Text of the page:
Follow the #JourneyOfHope cycling tour on Flickr
  • Danish active transport ambassadors give Journey of Hope a grand send-off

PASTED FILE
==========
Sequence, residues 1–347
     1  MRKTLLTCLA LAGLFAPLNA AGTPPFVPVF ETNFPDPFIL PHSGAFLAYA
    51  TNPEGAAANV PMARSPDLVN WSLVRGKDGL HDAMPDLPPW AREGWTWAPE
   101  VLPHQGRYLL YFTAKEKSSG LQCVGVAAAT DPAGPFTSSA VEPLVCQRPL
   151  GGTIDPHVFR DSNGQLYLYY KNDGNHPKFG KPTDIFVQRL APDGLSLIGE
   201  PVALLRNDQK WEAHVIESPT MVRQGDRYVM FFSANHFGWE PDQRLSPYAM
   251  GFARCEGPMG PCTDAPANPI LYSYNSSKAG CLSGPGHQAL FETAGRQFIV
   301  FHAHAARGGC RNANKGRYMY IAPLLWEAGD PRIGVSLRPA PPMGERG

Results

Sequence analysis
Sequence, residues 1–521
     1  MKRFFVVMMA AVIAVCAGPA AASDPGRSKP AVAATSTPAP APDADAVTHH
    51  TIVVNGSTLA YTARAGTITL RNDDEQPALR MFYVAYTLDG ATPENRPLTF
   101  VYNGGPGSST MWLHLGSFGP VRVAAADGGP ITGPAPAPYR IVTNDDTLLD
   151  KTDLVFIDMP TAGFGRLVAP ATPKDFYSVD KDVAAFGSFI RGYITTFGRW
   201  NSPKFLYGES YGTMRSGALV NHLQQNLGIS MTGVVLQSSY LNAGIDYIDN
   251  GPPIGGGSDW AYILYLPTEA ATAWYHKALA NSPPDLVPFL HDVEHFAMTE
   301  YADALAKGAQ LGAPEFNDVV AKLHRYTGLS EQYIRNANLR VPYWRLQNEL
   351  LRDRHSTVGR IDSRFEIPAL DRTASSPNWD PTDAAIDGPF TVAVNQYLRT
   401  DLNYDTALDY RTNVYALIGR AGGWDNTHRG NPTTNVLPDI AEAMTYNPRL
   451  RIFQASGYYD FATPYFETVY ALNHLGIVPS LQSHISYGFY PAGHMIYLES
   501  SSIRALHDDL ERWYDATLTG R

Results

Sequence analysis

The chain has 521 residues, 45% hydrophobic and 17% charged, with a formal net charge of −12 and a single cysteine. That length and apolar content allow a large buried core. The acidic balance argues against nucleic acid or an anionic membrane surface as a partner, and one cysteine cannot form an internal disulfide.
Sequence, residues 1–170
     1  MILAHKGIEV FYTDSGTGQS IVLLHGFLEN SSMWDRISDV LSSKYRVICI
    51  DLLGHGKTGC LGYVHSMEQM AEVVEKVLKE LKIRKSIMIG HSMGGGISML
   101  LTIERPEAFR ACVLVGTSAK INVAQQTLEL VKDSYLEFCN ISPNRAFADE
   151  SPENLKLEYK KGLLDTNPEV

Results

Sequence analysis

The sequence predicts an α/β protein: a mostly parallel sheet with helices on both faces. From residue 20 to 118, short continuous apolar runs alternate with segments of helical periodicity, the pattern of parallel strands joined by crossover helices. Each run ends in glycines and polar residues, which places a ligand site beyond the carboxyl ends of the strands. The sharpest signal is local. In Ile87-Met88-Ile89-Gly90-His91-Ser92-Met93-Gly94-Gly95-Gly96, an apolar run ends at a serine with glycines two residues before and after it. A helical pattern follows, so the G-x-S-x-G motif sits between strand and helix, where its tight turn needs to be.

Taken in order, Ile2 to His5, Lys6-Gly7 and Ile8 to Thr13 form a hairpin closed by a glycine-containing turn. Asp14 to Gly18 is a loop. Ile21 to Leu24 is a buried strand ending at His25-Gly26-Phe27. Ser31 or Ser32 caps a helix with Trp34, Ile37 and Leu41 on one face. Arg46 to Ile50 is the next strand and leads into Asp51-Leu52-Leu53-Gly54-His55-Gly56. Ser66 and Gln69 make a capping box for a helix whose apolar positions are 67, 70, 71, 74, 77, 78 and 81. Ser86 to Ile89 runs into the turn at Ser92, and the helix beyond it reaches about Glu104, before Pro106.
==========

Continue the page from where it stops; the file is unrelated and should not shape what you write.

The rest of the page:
The #BeActive #JourneyofHope team cycled out of Copenhagen yesterday with over 50 recreational cyclists following them in a nod to Forrest Gump’s famous long-distance run. The official start of the European Week of Sport event, which is carrying messages about active transport, physical activity and peaceful mobility around Europe, marked the beginning of a 31-day, 2530km ride from Copenhagen to Vienna.ISCA member DGI and partner the Danish Cyclists’ Federation ensured that the local cycling community grasped the opportunity to take part in the event and ride with the team to Roskilde, 40km west of Copenhagen. Some followers doubled their journey, riding all the way from Roskilde to Copenhagen, arriving in time to ride back again with the team. DGI tempted passers-by to come and test their speed on its bike simulator and ISCA staff and the Danish child safety awareness foundation “Børneulykkesfonden” entertained the children on Israels Plads with spontaneous dances in the spirit of the #BeActive FlashMOVE, colouring in and biking activities. Børneulykkesfonden ambassador and the City of Copenhagen’s Mayor for Children and Youth Pia Allerslev knows what it takes to complete a long cycling trip – she rode from Copenhagen to Paris twice in support of a cause she believes in. “I think it’s very important to tell people that if you set a goal then you can do it and if you have the energy and the craziness to do things then it’s perfect. And sending the signal that you can bike that many kilometres in 30 days, that’s a wonderful story to tell,” she says. “As the Mayor for Children and Youth in the City of Copenhagen I think it’s important to tell the kids, and also the parents, that when you live in cities it’s very easy to go by bike instead of walking or taking the bus or car.” The Director of the Nordea Foundation, Henrik Lehmann Andersen, was also at Israels Plads to greet the team and is no stranger to long bike rides either, having cycled around Tasmania in Australia for instance. He says events like the Journey of Hope are a great way of showing that anyone can do the same thing if they have a bike, a good spirit and are ready for an adventure. “[Cycling] is not just for specialists or extremely fit Olympic Games-looking people, it’s for everybody. That’s the main perspective and that’s why we are engaging ourselves, as a Danish foundation, in sports and in cycling. It’s not for the elite; it’s for everybody. So to get everybody to do it, to get everybody committed and to get everybody to learn how to do it, that’s the really important thing for us,” he says. The Journey of Hope opening event took place right on the Danish Cyclists’ Federation’s doorstep, and its Director, Klaus Bondam, who is a member of the new World Cycling Alliance created by ISCA partner the European Cyclists’ Federation, praised events like the Journey of Hope that draw attention to active transport as a solution to sedentary lifestyle. “I think every event that moves around promoting active mobility, is very, very important because it is one of the challenges in our society is facing these years: How do we, as human beings, become more active at a time where more and more of us are sitting down at computers? That activity can be recreational cycling, going on longer trips as we see here,” he says. The Danish Cyclists’ Federation’s Bike to Work campaign has seen continued success in a country that already has a strong cycling culture, but where people still use the car for 30% of trips spanning over 5km or less. So he still believes there is “enormous” potential to promote cycling to people anywhere in the world. “We see that cycling can contribute to 11 out of the 17 United Nations’ Sustainable Development Goals. For example creating resilient cities and helping to reduce poverty by creating affordable modes of transportation.” Not to mention to the average citizen in Denmark, where physical activity crazes like running are not always for everyone. “The good thing about cycling is that it’s basically for everybody,” he points out. “I’m not a good runner because it makes my knees hurt. But when I’m on the bicycle, I think ‘Whoa – I can do it!’” By Rachel Payne, ISCA The Journey of Hope is co-funded by the European Commission’s Erasmus+ Sport programme and promotes the #BeActive message.